In the city where I live, you can hear the call to prayer broadcast from loudspeakers at mosques all across the city [and they aren’t called loudspeakers for nothing.] The first prayer time is in the pre-dawn hours, the last prayer time is around 10 PM.
During the daylight hours, you can often see people [actually men, to be gender-specific] who stop their work, get out a prayer mat, bow, and recite their prescribed prayers. By doing this five times a day, they are fulfilling one of the five pillars of Islam.
But set prayer times have been around much longer than Islam. In the early church, Christians developed daily prayer times based on the bell that was rung in the Roman forum every three hours. Starting at 6 AM and going until 6 PM, the bell marked the progress of the day’s work. Eventually two more prayer times were added, for a total of seven, and monasteries were started to take on this systematic work of prayer from early morning matins to late night compline.
I confess this kind of continual, regular prayer has never appealed to me.
My view has tended to be, “I would never want to be forced to pray at a specific time. It would be a bother to stop what I’m doing. It would distract me from my work.”
And then one day as I willingly, even eagerly, interrupted what I was working on to check Facebook, I realized I don’t mind switching mental gears in the middle of my day. Although I’ve never tracked how often I slide my mouse over and make a tiny click, I suspect there are days when it’s well over seven times.
a lean machine ready to tear up the internet
Suddenly I am checking email, my rss blog feed, the online news, Facebook [thankfully I gave up Twitter], or googling some stray thought that has entered into my brain space without getting permission from the air traffic control.
Ten, fifteen, thirty minutes later, long after the man praying on the street corner has returned to work, I am still lost in the wonderland known as the world wide web [created, I imagine, by a giant, time-sucking spider.]
So the question I need to ask is not, “Will I stop in the middle of the day and turn my attention to something else?” Rather it’s, “When I stop, what I will turn my attention to?” Will I answer the siren call of the internet, or will I turn my eyes on Jesus and praise my Creator?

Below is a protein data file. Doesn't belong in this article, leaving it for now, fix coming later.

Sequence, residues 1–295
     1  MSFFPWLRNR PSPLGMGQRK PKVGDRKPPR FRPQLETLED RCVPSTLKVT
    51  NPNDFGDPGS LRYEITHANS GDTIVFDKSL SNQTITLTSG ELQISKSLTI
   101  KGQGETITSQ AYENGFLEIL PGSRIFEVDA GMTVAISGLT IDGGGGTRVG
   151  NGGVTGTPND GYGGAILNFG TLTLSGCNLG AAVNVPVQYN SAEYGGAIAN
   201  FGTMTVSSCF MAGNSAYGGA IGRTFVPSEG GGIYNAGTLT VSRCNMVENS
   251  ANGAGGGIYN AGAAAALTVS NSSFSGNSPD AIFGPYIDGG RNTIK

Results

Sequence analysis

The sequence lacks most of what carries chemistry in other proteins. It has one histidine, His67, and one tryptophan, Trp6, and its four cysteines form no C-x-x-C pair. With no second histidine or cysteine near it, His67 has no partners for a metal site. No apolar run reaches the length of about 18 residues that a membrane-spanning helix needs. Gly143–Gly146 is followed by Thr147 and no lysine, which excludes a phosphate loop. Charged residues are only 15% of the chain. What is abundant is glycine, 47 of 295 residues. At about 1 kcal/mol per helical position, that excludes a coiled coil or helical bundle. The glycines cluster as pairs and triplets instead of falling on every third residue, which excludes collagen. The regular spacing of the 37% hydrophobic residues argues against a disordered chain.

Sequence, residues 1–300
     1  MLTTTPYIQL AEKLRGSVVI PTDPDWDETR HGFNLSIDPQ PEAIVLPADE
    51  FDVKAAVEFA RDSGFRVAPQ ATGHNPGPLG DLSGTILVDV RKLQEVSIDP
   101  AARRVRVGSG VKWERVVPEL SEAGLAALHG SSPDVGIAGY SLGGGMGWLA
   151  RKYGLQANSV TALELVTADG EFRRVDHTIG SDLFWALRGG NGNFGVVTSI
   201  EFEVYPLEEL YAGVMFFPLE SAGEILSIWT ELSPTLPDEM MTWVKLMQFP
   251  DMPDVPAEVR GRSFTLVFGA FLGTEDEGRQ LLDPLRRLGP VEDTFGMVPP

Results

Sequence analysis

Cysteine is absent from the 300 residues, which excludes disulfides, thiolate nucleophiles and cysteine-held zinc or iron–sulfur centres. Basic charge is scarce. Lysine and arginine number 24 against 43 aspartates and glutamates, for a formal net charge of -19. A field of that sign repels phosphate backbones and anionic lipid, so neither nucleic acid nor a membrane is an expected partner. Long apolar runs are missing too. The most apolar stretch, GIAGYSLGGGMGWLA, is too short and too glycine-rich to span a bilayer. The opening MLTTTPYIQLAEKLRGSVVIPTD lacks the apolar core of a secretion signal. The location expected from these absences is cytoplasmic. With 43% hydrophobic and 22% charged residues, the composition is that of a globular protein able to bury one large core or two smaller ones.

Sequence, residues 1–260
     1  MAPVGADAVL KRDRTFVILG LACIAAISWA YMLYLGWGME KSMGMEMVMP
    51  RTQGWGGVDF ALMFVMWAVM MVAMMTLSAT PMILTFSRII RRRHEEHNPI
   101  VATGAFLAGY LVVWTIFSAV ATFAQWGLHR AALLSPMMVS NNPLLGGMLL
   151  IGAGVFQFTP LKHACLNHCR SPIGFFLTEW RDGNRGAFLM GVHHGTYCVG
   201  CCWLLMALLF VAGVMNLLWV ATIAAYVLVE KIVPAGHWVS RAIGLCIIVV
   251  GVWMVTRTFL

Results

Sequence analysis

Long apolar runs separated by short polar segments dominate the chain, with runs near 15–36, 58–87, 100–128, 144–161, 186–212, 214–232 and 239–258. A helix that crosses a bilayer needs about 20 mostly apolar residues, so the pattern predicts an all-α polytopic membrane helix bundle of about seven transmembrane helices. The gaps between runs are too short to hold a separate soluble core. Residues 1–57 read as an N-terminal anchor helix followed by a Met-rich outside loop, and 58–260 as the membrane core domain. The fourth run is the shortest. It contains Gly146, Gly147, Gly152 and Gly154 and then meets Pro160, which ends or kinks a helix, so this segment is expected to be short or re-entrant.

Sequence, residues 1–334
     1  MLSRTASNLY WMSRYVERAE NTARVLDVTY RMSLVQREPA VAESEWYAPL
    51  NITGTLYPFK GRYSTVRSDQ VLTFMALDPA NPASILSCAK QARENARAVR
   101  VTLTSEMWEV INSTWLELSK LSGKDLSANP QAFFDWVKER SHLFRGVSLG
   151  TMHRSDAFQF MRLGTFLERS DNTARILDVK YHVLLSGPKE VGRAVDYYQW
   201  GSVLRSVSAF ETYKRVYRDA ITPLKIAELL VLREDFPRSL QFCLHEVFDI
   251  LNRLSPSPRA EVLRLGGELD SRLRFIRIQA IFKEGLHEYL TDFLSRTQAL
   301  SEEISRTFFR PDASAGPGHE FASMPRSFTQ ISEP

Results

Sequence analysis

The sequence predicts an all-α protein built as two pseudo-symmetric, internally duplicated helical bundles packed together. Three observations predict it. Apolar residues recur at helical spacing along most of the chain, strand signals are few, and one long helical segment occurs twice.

Even still, God doesn’t demand an hourly tribute of praise from us. For all the commands He gave the Israelites to follow [613 to be exact], not one talks about how often they were supposed to pray. And Jesus didn’t specify this either. When the disciples asked Him to teach them to pray, He only replied, “When you pray…”
Of course, regular prayer is a good idea.
“Seven times a day I praise you for your righteous laws.” Psalm 119:164.
“Three times a day Daniel got down on his knees and prayed, giving thanks to his God, just as he had done before.” Daniel 6:10
But that’s not what makes us holy.
Instead, I find it helpful to think about praying at regular intervals like taking a drink of water.
As the deer pants for streams of water, so my souls pants for You, O God. Psalm 42:1
It’s a chance to enlarge my vision from the micro focus of the moment to God’s eternal perspective. When I lift my eyes away from the computer screen to pray, I reaffirm core truths such as:
*I’m not the center of the universe
*God is in charge
*He is ready to listen to my concerns
*Work cannot satisfy my deepest desires
Stopping to pray doesn’t come naturally for me; I’m not a perfect spiritual being. And there is much in the internet age that is waiting to distract me. My enemy prowls around like a hungry lion hoping to get me addicted to clicking on links–or just preoccupied enough with the cares of my life that I forget about God.
The other danger I face is that I’m capable of turning regular prayer into a task that needs to be checked off my to-do list. Before I know it, I’ve punched a little mental prayer clock, put in my minutes, and gone back to work, satisfied I’ve ‘done’ it.
Perhaps that’s why when Paul talks about praying on all occasions time in Ephesians 6, it’s in the context of the great spiritual battle that is being fought. One minute Paul is reminding us the fight is not against flesh and blood, and in the next he’s encouraging us to “pray in the Spirit on all occasion, always keep on praying for all the saints.”
Praying isn’t a duty or a distraction. It’s my soul’s lifeblood.
“Prayer is traffic between earth and heaven, ‘a commerce of love.’” Amy Carmichael
What about you?
Do you pray regularly during the day? What does it look like?
And how do you fight the temptations that might distract you from it?